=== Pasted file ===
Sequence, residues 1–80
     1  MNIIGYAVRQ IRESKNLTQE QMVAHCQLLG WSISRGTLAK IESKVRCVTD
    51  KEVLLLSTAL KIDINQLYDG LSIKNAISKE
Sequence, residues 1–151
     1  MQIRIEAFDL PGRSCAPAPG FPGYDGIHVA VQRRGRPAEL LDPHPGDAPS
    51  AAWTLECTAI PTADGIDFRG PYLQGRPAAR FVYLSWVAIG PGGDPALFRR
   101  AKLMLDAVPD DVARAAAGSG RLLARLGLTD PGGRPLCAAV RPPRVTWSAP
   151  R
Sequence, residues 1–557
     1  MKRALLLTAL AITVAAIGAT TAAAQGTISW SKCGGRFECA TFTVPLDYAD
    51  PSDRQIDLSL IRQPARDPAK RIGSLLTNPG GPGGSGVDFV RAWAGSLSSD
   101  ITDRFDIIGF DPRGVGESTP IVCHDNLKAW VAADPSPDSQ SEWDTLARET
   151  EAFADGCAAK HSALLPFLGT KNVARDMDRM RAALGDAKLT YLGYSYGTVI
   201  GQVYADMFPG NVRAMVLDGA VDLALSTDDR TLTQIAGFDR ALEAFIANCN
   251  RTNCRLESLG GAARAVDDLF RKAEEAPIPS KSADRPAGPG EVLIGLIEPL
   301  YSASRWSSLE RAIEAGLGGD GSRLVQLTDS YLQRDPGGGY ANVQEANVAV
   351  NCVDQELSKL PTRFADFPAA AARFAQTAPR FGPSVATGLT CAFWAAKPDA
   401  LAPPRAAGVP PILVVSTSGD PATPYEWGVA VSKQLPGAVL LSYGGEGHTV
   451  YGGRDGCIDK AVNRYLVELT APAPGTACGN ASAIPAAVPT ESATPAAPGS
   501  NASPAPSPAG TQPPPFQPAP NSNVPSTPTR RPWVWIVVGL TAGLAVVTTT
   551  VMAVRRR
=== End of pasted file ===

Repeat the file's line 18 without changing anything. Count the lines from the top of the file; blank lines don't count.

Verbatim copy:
   401  LAPPRAAGVP PILVVSTSGD PATPYEWGVA VSKQLPGAVL LSYGGEGHTV